7. Rudolph the Red-Nosed Reindeer’s Home | 9301 Hamlin Ave. Evanston, IL 60203
Robert L. May was the creator of the book, Rudolph the Red-Nosed Reindeer, which eventually became the inspiration for the popular Christmas song of the same name. May used the proceeds from his bestselling book to build himself a home in Skokie. Although contemporary newspaper articles at the time (from 1950) said that May built his home in Skokie, the address today is officially listed as “Evanston.” However, May’s home is located in a confusing area of Evanston, which is often nicknamed “Skevanston.” Its residents use services from both Evanston and Skokie. For example, the children attend Evanston public schools, but Skokie picks up their trash. You can learn more about May and Rudolph the Red-Nosed Reindeer in my previous post.
8. Skokie Northshore Sculpture Park | McCormick Blvd.
The land east of McCormick Blvd. in Skokie is called the Skokie Northshore Sculpture Park. It has several miles of walking trails, park benches, and modern sculptures. The Village of Skokie created the park in 1988, because it wanted to revitalize this formerly neglected land that belongs to the Metropolitan Water Reclamation District of Greater Chicago.
Flags from a variety of different countries stand at a section of the Northshore Sculpture Park where McCormick Blvd. and Dempster St. intersect. Skokie frequently rotates these flags to make sure that all of the countries that represent Skokie get flown there each year. Since approximately 40% of Skokie’s residents are foreign-born, this is not a small task. Because of Skokie’s diversity, Skokie has been hosting the Skokie Festival of Cultures annually since 1991. However, the Festival was canceled in 2020, and will be canceled again in 2021, because of COVID-19.
Near the display of international flags is a plaque memorializing former Skokie resident, Ricky Byrdsong. Byrdsong was the Head Basketball Coach at Northwestern University. On July 2, 1999, Benjamin Nathaniel Smith shot and killed the African American coach while he was walking with his children in Skokie. Afterwards, Smith wounded six Orthodox Jews, three African American men, and one Taiwanese man. He also killed a Korean university student. In response to this white supremacist, the Evanston YWCA (which is near Skokie) hosts a Race Against Hate fundraising event each year.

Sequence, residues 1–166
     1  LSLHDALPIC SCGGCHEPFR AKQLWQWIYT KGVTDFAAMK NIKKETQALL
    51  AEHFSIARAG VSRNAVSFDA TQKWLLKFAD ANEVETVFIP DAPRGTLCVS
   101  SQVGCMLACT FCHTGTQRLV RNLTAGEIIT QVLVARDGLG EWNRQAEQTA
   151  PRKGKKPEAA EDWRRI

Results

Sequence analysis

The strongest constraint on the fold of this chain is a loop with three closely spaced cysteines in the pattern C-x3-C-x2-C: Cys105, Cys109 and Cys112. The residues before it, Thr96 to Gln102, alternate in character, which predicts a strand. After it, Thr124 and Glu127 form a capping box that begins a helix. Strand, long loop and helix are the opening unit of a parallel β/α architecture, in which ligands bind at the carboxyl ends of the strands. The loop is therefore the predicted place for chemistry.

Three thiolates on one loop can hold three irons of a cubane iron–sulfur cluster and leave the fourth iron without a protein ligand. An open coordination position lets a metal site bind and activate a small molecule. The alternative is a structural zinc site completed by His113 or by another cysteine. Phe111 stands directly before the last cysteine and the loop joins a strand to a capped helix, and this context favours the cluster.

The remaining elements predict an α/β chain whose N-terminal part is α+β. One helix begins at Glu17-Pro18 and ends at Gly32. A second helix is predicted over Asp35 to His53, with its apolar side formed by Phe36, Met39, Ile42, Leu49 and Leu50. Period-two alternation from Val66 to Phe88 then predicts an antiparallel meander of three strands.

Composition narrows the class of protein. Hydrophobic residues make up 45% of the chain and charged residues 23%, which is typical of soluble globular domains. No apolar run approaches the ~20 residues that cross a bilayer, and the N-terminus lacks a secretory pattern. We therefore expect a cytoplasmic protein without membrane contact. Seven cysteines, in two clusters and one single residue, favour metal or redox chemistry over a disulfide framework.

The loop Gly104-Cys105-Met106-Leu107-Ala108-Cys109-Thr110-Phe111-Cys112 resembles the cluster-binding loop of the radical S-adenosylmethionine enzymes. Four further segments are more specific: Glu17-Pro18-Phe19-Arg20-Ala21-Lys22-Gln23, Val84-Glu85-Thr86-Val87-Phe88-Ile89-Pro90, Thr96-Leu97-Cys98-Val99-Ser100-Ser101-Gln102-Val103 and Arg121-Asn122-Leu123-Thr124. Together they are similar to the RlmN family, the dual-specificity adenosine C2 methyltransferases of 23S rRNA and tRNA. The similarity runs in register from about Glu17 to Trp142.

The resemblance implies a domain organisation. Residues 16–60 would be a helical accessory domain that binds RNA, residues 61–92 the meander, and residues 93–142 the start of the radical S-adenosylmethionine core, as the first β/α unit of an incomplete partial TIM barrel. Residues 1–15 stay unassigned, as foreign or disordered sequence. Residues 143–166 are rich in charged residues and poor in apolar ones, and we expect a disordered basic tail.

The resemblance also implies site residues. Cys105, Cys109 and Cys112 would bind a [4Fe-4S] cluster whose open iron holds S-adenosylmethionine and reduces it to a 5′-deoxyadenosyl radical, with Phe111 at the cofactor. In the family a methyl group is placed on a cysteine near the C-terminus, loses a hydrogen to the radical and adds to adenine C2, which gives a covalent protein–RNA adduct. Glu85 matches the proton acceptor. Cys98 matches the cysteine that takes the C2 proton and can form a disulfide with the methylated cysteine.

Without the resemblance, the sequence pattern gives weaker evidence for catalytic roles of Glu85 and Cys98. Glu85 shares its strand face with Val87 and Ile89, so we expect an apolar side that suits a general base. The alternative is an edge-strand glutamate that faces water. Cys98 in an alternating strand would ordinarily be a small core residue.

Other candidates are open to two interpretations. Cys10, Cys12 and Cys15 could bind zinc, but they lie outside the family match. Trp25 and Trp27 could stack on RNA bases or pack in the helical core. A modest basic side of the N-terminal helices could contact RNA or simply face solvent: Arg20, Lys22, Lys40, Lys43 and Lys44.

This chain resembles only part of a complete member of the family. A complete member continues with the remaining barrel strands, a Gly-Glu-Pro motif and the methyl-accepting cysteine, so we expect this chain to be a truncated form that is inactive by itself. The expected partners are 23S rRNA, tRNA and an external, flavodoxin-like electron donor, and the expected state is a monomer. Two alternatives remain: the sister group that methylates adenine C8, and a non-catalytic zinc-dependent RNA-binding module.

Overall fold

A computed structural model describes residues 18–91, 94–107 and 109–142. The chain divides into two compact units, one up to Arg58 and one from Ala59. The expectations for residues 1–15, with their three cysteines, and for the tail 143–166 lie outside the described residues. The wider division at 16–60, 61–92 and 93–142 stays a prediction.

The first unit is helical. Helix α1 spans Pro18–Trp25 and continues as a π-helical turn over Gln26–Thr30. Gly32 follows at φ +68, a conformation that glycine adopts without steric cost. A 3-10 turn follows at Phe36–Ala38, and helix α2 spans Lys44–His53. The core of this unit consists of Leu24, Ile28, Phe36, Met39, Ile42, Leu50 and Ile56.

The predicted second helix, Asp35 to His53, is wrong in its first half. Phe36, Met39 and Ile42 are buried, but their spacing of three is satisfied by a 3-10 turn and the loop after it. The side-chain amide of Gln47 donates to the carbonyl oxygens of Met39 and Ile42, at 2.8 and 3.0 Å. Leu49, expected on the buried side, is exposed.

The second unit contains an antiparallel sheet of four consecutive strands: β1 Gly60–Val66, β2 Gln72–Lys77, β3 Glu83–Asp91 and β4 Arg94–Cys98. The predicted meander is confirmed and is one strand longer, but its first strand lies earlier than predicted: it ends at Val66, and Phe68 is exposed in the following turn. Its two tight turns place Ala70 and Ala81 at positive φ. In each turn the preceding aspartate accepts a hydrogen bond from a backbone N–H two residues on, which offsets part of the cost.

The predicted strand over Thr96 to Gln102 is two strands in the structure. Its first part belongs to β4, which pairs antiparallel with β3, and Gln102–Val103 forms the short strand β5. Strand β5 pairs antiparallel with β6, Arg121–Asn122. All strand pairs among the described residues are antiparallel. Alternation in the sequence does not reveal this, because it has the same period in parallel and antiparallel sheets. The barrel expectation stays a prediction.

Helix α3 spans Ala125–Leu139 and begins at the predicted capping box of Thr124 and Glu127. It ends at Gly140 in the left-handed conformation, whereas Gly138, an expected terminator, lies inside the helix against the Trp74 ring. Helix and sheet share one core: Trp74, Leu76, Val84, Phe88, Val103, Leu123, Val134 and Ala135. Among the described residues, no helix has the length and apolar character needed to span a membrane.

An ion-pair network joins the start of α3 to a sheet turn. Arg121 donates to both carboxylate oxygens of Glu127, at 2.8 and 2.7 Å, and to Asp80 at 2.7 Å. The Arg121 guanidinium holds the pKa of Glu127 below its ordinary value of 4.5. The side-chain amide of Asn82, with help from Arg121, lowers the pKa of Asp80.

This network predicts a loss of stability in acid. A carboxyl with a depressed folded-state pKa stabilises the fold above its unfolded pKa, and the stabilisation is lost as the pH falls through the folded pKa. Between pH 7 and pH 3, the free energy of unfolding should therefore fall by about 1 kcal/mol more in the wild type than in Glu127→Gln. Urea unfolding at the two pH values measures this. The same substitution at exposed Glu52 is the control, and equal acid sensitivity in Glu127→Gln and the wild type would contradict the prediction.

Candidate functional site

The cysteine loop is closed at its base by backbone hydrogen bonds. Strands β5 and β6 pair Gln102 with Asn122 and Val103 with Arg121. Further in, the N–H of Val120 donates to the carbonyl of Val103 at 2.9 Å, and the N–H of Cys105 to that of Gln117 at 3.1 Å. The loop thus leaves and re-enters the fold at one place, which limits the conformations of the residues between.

9. St. Paul’s Lutheran Church Cemetery | 8530 Harms Rd.
In 1934, a gangster named Baby Face Nelson (Lester Gillis) became the FBI’s Public Enemy Number One. He escaped a gun battle with the FBI in Barrington, IL on November 27, 1934, where two FBI agents died. Baby Face Nelson soon died as well from wounds that he received during the skirmish. In order to prevent the FBI from continuing their search for Nelson, his friends left his dead body in front of St. Paul’s Lutheran Church Cemetery in Niles Centre (Skokie). You can read more about the incident in my previous post about Baby Face Nelson.
The cemetery where the FBI found Baby Face Nelson’s body belongs to St. Paul’s Lutheran Church. Founded in 1881, St. Paul’s Lutheran Church (formerly called St. Paul’s Evangelical Lutheran Church) is the third oldest church in Skokie. It is an offshoot of St. Peter’s Evangelical Lutheran Church, which is Skokie’s oldest church and was founded in 1867. Skokie’s three oldest churches were all founded by German immigrants, who were Skokie’s first non-Native American settlers.
10. St. Peter’s Catholic Church | 8116 Niles Center Rd.